Given an integer array nums sorted in non-decreasing order, return an array of the squares of each number sorted in non-decreasing order.

```
Input: nums = [-4,-1,0,3,10]
Output: [0,1,9,16,100]
Explanation: After squaring, the array becomes [16,1,0,9,100].
After sorting, it becomes [0,1,9,16,100].
```

```
Input: nums = [-7,-3,2,3,11]
Output: [4,9,9,49,121]
```

Squaring each element and sorting the new array is very trivial, could you find an O(n) solution using a different approach?

This is a pretty fun and intuitive problem. The solution we are going to discuss essentially keeps tracking of two pointers.

The first pointer will essentially loop through the array, the pointer itself will be an index value starting at 0. If the input array at that index is less than 0, then the pointer will increment. Essentially it will either stop at 0 or the first positive number or go out of bounds.

The second pointer will be initialized at a value of one minus the first pointer.

The second pointer will either be out of bounds if there are no negative numbers, or initially holding the index value of the first negative value.

A this point in the algorithm, we will loop through the input array for as long as the first pointer is less than the length of the input array or the second pointer is greater than or equal to zero.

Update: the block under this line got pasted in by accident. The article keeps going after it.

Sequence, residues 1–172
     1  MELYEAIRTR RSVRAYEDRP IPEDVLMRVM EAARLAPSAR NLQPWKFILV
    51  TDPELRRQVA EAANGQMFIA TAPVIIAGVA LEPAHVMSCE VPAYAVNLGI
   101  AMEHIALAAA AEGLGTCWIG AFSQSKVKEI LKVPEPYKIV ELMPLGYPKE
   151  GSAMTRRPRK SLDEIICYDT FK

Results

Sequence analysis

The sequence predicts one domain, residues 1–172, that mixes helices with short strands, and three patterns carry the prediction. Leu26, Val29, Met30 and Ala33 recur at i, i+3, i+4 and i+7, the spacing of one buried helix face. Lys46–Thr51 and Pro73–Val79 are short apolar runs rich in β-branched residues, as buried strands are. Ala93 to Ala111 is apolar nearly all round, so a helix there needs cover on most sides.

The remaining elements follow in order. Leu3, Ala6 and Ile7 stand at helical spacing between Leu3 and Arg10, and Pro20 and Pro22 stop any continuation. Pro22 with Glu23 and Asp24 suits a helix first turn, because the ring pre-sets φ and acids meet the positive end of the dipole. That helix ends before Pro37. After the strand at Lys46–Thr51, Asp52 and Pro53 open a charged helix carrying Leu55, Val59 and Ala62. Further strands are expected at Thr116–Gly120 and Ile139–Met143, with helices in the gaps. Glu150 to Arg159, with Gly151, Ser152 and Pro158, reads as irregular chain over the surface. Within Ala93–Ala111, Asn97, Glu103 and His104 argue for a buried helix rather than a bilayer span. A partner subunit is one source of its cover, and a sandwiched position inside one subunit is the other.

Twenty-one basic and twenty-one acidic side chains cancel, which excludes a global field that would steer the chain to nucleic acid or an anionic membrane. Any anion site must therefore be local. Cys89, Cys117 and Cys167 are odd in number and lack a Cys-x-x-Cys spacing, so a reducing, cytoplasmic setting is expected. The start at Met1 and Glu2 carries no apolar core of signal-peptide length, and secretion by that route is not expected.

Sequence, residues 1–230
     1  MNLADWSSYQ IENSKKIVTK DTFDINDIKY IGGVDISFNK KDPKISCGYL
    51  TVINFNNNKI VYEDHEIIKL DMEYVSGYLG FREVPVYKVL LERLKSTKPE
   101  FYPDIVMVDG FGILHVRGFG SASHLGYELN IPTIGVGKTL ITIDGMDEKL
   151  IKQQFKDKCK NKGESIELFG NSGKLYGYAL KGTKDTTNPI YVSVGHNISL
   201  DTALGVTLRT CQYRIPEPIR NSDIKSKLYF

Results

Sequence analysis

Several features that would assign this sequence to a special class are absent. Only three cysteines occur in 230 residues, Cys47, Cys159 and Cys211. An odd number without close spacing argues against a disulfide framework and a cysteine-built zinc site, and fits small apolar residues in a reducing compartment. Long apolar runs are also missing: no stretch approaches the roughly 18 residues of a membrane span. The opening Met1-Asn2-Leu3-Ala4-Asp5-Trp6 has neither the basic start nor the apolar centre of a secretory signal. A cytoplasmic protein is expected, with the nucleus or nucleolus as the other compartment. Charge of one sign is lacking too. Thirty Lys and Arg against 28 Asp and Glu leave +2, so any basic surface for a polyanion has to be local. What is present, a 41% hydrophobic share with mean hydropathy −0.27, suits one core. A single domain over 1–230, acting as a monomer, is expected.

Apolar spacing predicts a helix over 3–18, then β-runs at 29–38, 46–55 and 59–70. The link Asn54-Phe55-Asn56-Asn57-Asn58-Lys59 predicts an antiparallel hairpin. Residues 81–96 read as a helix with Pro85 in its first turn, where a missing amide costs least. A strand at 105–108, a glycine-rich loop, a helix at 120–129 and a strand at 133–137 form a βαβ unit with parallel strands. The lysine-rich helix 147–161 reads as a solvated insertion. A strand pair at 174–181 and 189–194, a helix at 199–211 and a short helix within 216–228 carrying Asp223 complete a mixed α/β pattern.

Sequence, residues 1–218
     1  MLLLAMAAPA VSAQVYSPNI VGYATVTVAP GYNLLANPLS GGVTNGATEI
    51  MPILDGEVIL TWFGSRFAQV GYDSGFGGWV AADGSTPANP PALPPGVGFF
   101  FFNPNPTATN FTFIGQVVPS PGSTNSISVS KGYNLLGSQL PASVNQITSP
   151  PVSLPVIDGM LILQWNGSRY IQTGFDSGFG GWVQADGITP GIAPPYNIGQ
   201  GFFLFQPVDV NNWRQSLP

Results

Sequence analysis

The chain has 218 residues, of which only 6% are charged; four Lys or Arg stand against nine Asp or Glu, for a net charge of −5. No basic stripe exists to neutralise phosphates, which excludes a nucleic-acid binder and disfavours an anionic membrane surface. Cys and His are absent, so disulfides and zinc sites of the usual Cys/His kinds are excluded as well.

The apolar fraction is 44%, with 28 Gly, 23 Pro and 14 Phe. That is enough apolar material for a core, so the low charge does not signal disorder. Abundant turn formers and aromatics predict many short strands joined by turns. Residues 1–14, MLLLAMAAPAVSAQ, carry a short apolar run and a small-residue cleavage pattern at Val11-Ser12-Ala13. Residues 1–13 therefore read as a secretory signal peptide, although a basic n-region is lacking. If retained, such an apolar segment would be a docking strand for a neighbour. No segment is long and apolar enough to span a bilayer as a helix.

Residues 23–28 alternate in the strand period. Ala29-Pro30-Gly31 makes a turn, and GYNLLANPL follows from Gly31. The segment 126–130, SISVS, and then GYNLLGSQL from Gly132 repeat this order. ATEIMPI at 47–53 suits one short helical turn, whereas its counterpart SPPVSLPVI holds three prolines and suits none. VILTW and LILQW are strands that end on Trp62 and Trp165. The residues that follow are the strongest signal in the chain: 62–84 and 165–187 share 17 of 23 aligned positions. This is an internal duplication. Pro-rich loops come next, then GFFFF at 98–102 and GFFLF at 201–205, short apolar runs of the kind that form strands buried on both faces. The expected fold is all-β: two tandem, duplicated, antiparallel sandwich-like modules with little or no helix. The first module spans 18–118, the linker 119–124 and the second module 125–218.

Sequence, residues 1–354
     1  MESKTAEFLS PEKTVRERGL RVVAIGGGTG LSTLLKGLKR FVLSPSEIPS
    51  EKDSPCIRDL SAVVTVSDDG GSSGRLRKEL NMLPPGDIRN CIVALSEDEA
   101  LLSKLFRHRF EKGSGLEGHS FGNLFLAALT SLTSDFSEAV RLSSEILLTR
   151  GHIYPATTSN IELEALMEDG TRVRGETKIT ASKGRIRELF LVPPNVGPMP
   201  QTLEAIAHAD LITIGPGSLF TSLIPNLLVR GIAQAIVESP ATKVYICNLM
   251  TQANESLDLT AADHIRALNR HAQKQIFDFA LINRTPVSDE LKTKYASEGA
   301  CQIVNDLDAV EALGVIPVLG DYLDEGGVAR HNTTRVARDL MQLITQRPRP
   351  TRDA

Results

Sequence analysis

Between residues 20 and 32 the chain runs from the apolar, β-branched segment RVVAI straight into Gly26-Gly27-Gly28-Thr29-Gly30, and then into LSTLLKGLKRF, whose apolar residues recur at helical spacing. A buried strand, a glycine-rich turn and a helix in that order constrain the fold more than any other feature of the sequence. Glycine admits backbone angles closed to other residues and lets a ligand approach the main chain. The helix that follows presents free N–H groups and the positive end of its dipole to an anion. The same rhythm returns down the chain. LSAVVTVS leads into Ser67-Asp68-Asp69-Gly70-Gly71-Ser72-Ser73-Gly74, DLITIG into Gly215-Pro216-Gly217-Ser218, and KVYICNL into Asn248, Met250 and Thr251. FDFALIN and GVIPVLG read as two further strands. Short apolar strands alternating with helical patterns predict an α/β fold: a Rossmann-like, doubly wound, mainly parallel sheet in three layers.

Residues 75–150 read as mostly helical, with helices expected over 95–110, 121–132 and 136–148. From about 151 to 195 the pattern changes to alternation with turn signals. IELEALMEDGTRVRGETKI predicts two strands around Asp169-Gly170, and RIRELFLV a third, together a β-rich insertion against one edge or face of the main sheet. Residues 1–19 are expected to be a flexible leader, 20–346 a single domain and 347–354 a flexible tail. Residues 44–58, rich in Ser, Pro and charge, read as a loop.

Since the first pointer has the potential to be pointing at the value zero, what should be evaluated is which pointer is lesser firstly and then if they are equal.

We will also be keeping an auxillary array that we'll be inserting values into.

If the first pointer is lesser, it's value at that index will be inserted and it'll be incremented. If the second pointer is lesser, it's value will be inserted and its index will be decremented.

It's important to note in the two above statements that it's possible the other pointer might be out of bounds, then in that case ALWAYS insert that pointer and increment/decrement it's index.

Finally, if they're equal at their respective indexes; simply insert both and adjust the index's value respectively.

**Space:** O(n)

We maintain an auxillary array that we push each the square of each index value into.

**Time:** O(n)

We loop through the input array once to find the first positive value and then once again in an attempt for our pointers to reach their respective ends.

A worst case would be if our input array is all negative values. In that case, the time complexity would be O(2n) which is reduced to O(n).

```
var sortedSquares = function(nums) {
const ascendingSquaresContainer = []
let rightIdx = 0
while (nums[rightIdx] < 0) rightIdx++;
let leftIdx = rightIdx - 1
while (leftIdx >=0 || rightIdx < nums.length) {
const leftIdxSquared = nums[leftIdx] ** 2
const rightIdxSquared = nums[rightIdx] ** 2
if (leftIdxSquared < rightIdxSquared || rightIdx >= nums.length) {
ascendingSquaresContainer.push(leftIdxSquared)
leftIdx-= 1
} else if (leftIdxSquared > rightIdxSquared || leftIdx < 0) {
ascendingSquaresContainer.push(rightIdxSquared)
rightIdx += 1
} else {
ascendingSquaresContainer.push(leftIdxSquared)
ascendingSquaresContainer.push(rightIdxSquared)
leftIdx-= 1
rightIdx += 1
}
}
return ascendingSquaresContainer
};
```